Tax measures remain almost identical to those administered in England, despite promises of bold reform, economic growth sees the nation lagging behind other parts of the UK and despite Sturgeon staking her premiership on delivering better education outcomes, Scotland’s PISA (Programme for International Student Assessment) ratings slump to below England, Estonia, Finland and Slovenia.
Labour frequently accuses Sturgeon of failing to fully use all of the welfare powers devolved to Edinburgh - though she will attempt to mitigate the impact of Universal Credit - and SNP voters who jumped ship to Corbyn’s Labour in June would say the party has failed to deliver on their promise of leading a progressive government.
Motions at the conference next week, put forward by various branches, seek to bolster the party’s leftist credentials.
While the party is already investigating a universal basic income, motions at the conference also call for the devolution of immigration controls, a resolution on treating drug misuse as public health rather than criminal matters and there will be a groundswell of support for Glasgow South MP Stewart McDonald’s bid to outlaw unpaid trial shifts with a private members bill in Westminster.
Maintaining their left of centre stance is good politics, considering Scottish Labour looks set to elect Corbyn-support Richard Leonard as its next leader.
A Survation poll of SNP voters found they were more likely to vote Labour if it pledged more left-wing measures such as decommissioning Trident (30 percent), a mandatory living wage (37 percent) and renationalising the railways (27 percent).
Mackay said: “We have tried to show we are still radical and that we can deliver reforms. Our programme for government also shows that we are listening and engaging while also acting in the interests of the economy.”
The YouGov poll showed three quarters of Scots (72 percent) were pessimistic about the current state of the Brexit negotiations, while the number of Scots who believe that the Leave vote was the wrong decision has grown since April.
Excluding don’t knows, 66 percent of Scots thought Brexit was the wrong decision.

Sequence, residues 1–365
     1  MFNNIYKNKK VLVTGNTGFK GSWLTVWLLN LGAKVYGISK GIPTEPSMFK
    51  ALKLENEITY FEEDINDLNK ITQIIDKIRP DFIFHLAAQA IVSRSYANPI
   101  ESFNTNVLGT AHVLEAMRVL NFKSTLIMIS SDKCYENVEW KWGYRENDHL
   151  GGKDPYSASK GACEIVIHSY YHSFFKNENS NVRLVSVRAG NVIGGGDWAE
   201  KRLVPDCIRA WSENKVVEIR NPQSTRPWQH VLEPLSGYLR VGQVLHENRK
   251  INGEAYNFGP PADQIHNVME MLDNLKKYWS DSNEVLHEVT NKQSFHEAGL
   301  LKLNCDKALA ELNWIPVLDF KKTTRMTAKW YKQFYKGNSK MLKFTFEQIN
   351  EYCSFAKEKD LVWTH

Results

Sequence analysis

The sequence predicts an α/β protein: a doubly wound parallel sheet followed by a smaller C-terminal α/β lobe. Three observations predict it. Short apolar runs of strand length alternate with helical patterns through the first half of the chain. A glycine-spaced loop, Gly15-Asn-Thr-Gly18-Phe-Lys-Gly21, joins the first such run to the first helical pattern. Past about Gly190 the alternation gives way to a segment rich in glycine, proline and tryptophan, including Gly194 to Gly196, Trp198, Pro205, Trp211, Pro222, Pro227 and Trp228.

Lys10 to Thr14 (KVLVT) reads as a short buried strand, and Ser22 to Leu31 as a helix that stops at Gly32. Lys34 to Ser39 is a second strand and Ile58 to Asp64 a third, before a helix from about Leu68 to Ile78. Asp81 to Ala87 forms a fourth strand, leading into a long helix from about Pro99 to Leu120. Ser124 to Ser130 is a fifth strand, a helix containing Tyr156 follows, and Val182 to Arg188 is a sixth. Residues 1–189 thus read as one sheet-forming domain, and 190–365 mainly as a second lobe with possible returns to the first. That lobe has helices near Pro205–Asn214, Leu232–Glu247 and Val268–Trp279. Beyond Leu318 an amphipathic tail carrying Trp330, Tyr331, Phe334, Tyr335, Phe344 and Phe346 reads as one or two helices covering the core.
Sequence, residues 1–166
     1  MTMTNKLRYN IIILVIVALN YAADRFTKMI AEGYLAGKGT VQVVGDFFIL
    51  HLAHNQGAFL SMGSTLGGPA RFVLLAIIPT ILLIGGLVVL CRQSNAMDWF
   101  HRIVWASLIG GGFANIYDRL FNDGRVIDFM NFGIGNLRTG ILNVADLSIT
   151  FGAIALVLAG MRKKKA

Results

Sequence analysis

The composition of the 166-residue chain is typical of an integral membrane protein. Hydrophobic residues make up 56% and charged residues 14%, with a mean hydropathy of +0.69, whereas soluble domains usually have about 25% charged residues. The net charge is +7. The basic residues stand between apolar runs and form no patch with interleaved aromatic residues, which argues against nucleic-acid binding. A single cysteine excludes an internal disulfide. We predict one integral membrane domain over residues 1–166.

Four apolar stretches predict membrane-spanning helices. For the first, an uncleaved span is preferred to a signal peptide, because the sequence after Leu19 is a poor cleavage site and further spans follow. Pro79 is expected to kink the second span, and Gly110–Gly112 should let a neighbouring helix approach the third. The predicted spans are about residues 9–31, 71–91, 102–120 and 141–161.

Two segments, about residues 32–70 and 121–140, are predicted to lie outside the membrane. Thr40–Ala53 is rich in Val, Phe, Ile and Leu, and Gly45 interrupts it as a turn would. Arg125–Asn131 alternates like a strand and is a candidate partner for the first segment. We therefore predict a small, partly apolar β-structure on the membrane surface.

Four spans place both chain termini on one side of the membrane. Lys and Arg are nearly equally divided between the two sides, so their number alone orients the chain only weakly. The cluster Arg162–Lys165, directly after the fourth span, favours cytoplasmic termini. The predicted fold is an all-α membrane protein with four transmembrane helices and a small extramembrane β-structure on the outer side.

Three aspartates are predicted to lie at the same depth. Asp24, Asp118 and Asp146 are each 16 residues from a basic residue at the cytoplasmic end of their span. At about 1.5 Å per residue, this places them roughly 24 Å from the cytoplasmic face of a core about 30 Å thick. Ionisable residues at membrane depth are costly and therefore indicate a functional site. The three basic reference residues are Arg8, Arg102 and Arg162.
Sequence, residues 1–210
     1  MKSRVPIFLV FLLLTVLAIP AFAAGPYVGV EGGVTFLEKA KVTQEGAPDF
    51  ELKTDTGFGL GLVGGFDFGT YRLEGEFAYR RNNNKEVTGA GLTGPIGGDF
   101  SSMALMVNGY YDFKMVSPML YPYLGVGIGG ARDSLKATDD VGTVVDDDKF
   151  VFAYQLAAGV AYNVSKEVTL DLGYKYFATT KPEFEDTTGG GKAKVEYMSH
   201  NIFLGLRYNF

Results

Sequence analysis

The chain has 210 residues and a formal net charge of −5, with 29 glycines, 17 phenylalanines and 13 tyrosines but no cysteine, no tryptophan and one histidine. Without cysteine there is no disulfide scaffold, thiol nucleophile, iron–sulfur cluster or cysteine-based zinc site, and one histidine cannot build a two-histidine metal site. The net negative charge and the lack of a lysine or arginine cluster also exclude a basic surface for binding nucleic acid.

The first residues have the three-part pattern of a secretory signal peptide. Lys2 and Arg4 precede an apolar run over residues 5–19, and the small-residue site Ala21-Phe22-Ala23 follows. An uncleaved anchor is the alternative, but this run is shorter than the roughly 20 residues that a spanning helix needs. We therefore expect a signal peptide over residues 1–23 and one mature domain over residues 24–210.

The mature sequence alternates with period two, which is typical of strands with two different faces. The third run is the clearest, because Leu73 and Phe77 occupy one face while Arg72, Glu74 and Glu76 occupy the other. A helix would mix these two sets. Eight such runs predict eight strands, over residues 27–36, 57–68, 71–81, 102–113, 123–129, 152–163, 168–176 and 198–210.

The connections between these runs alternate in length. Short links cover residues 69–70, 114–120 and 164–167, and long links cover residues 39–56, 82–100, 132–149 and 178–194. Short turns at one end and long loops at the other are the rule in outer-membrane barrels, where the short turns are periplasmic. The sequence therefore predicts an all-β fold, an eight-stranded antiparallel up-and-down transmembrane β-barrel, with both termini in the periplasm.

The same poll, however, showed virtually no shift in support for independence since Scotland voted No in 2014 by 55 percent and a surge in support for the pro-Union Scottish Labour Party.
Sturgeon’s strategy was to link a “hard Tory Brexit” so closely with a re-run of the independence poll, the issue must now be handled with extreme care if the party is to stem the flow of votes to their rivals.
Talk of ‘Indy Ref 2’ has been firmly put on the back burner, with senior figures even urging for the second poll to be kicked further down the road, from pre-Brexit to post-Brexit transition period.
Though this is not a shift in party policy - Alex Salmond positioned the party as pro-European in the 90s - voters were riled by Sturgeon’s “opportunistic” use of the Brexit vote to further the independence cause.
The failed approach has also led to calls for chief executive Peter Murrell, Sturgeon’s husband, to stand down.
Despite losing his Moray seat, Robertson will stay on as deputy leader, while former investment Skye and Lochaber MP Ian Blackford takes on the job of Westminster leader.
Should support for Sturgeon continue to wane among the public, party insiders say “leader in waiting” Robertson may soon find a way into Holyrood - either via a by-election or in 2021.
Robertson in the meantime will turn his talents to building the next case for independence, which must be watertight on its economics.
One of the resolutions is for a Bank of Scotland, suggesting the independence movement could back a breakaway national bank with its own ‘Scottish pound’.
Young firebrand Mhairi Black has previously said she would be prepared to play a leading role in the next independence campaign.
But, with the wider economic picture and the Brexit negotiations with Europe still so unclear, noone in the party is yet willing to champion a ‘Brexit or Independence’ manifesto.
Mackay said: “After the Westminster elections, the First Minister herself said that we would revisit the issue [of a second independence referendum] in light of Brexit.”
However, he added that scepticism for Brexit was growing UK-wide, hinting the SNP’s strategy would not change substantially.
“I think the mood is changing,” he said. “Recent polling is suggesting that across the rest of the UK there is a shift as they are seeing what a hard Brexit means for the economy.”